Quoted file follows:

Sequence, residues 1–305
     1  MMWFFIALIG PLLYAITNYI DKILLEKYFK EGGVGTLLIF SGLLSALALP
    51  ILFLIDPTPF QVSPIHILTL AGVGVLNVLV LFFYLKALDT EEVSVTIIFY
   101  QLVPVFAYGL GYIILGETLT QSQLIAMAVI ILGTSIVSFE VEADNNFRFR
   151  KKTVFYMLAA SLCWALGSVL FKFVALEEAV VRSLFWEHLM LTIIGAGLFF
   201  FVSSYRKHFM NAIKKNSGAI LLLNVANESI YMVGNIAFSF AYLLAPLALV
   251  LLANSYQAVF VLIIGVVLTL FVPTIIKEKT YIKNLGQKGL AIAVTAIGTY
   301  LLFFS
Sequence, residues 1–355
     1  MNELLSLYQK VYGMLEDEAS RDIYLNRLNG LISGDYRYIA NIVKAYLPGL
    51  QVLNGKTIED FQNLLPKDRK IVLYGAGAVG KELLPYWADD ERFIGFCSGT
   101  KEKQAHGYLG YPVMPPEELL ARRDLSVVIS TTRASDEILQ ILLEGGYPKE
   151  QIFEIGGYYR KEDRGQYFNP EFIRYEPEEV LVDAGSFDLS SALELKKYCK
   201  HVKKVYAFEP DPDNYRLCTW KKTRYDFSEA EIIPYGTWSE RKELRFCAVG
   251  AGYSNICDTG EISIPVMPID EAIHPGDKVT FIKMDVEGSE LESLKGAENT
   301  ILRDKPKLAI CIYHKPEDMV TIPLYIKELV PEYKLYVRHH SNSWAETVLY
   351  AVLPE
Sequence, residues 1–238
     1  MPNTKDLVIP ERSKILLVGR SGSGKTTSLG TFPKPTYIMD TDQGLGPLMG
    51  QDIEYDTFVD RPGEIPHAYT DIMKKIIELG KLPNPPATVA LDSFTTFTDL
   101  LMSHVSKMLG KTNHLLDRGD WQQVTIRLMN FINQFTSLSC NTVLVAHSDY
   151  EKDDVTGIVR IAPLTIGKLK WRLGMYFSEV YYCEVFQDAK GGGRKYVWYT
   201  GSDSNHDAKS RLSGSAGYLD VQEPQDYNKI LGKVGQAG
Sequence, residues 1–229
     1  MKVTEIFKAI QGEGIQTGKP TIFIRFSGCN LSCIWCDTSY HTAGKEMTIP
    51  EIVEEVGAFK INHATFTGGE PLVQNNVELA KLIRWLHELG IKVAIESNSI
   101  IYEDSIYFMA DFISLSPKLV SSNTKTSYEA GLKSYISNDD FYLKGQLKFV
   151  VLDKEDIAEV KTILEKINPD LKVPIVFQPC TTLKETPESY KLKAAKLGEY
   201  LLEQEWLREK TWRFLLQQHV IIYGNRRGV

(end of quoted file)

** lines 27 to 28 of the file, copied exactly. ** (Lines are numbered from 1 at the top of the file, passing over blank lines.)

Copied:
   101  IYEDSIYFMA DFISLSPKLV SSNTKTSYEA GLKSYISNDD FYLKGQLKFV
   151  VLDKEDIAEV KTILEKINPD LKVPIVFQPC TTLKETPESY KLKAAKLGEY